ANNAPOLIS, Md. (AP) — A real estate company once run by President Donald Trump’s son-in-law has rejected a settlement offer from Maryland’s attorney general in a long-running investigation into the treatment of tenants, the president of the company said Wednesday.
Laurent Morali, president of the Kushner Cos., said in a statement the company refused “to be extorted” after more than two years of investigation concerning apartments the company owns in Maryland. He also said Attorney General Brian Frosh “clearly cares more about scoring political points” than fighting crime and helping the state’s residents.
Jared Kushner, a senior adviser to the Republican Trump, stepped down as CEO of the family business before joining the White House, but still has an ownership stake in the subsidiary responsible for the apartments, Westminster Properties.
A spokeswoman for Frosh, a Democrat, says she can neither confirm nor deny an investigation.
Morali said the company has fully cooperated with the attorney general’s office. He said since the company bought what were financially distressed assets in Maryland seven years ago, the company has invested more than $30 million in upgrading the properties.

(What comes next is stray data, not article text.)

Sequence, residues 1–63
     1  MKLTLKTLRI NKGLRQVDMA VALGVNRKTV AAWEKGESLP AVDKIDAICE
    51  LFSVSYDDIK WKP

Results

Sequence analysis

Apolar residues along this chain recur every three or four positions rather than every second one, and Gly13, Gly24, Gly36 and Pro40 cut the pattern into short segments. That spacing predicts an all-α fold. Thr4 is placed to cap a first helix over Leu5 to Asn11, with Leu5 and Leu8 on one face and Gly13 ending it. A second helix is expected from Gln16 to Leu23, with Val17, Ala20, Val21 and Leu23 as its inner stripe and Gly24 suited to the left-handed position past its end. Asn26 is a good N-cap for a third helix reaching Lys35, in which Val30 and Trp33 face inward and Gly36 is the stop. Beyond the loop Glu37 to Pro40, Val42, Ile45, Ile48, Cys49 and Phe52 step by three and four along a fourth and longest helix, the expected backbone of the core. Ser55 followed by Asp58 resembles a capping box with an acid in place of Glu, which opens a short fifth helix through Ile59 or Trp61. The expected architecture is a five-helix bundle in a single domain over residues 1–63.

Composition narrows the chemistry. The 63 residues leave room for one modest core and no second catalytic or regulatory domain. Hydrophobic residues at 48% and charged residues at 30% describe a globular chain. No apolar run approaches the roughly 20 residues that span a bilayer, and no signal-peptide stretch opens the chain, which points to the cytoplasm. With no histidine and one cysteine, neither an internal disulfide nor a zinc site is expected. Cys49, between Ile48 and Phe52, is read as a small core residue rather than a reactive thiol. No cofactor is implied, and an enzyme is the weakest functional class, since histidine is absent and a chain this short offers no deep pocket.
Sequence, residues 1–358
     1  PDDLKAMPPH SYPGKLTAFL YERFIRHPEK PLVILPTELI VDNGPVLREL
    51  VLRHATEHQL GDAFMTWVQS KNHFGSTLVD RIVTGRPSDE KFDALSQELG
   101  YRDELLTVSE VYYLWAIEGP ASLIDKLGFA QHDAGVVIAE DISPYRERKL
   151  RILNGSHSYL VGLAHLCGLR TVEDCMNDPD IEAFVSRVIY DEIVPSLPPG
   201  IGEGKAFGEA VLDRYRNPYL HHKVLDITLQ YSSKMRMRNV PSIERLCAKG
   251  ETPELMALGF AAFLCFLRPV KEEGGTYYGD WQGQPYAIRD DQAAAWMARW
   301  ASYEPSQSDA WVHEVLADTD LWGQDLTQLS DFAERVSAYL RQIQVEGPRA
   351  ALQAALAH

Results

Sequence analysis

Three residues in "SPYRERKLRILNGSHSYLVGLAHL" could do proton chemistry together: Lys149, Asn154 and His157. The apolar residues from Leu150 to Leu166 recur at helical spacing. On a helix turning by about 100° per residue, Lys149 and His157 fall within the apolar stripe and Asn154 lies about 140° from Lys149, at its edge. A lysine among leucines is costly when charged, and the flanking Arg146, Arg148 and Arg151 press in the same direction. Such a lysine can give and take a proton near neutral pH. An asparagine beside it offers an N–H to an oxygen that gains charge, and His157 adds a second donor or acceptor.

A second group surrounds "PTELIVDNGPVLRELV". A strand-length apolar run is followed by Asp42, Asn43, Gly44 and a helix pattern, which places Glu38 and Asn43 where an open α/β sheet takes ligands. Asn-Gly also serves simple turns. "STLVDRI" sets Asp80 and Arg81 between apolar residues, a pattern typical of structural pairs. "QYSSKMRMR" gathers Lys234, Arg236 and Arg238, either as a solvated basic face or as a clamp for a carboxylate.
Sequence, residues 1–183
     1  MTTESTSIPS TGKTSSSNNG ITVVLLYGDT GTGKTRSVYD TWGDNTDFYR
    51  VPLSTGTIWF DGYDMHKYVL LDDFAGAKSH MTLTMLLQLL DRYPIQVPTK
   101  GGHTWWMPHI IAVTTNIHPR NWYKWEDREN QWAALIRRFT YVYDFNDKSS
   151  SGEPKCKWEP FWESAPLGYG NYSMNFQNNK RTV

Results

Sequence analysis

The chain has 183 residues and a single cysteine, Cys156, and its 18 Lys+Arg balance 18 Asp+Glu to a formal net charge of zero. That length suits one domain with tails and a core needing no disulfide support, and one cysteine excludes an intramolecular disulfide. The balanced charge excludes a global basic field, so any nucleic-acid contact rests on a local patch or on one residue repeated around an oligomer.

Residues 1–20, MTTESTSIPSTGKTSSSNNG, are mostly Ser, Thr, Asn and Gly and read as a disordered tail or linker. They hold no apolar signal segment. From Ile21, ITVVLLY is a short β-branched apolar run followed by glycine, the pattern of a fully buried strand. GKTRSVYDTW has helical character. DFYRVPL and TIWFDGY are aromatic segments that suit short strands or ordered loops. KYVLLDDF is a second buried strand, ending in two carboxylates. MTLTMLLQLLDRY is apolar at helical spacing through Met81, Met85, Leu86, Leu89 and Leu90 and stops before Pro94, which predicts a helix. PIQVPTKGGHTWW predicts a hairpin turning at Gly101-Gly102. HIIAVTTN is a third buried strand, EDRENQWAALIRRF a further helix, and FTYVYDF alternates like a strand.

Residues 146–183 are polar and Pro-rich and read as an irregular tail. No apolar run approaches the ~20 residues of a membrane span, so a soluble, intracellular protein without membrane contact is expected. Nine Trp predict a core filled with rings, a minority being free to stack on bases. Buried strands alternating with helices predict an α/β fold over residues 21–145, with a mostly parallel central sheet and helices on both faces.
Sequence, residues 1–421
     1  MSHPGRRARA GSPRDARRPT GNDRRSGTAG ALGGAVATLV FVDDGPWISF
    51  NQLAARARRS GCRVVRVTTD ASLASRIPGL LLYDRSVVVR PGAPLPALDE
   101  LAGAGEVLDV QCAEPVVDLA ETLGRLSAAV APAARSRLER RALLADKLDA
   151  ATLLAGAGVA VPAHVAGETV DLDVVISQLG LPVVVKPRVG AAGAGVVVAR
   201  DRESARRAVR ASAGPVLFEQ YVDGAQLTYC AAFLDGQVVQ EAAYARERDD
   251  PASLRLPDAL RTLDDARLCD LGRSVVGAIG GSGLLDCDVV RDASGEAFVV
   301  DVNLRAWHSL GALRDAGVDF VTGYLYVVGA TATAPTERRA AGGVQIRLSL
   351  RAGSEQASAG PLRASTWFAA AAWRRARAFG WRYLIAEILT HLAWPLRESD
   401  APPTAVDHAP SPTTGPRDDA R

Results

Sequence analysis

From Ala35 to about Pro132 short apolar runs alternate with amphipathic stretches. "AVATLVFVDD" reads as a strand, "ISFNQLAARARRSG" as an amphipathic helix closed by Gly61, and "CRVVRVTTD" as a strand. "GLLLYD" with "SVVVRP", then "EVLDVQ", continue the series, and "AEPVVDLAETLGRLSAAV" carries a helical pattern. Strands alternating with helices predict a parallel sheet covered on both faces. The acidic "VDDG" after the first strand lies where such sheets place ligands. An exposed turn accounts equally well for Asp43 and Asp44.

“Despite the company’s efforts to cooperate with the investigation and change in practices, the Attorney General insists on an exorbitant and unprecedented penalty amount,” Morali said. “Additionally, the Attorney General contends that Westminster has committed hundreds of violations when in fact there are only 2 outstanding concerns voice by him.”
Kushner’s family real estate firm owns thousands of apartments and townhomes in the Baltimore area, and some have been criticized for the same kind of disrepair and neglect that the president has accused local leaders of failing to address.
A lawsuit seeking class-action status for residents alleges Westminster Management, the Kushner subsidiary that oversees rental properties in Maryland and other states, often charges tenants illegal and excessive fees that keeps them in constant fear of eviction and guessing what they owe. Westminster has said it has broken no laws and denies the charges.
Baltimore County officials issued a release in 2017 showing that the company had violated housing codes more than 200 times in just 10 months and only moved to fix the problems after being threatened with fines.
The company’s ownership of garden apartments has drawn scrutiny from Democratic lawmakers. They requested thousands of pages of documents about the apartment complexes, citing news reports describing poor conditions in some buildings and what tenants allege is aggressive debt collection practices.
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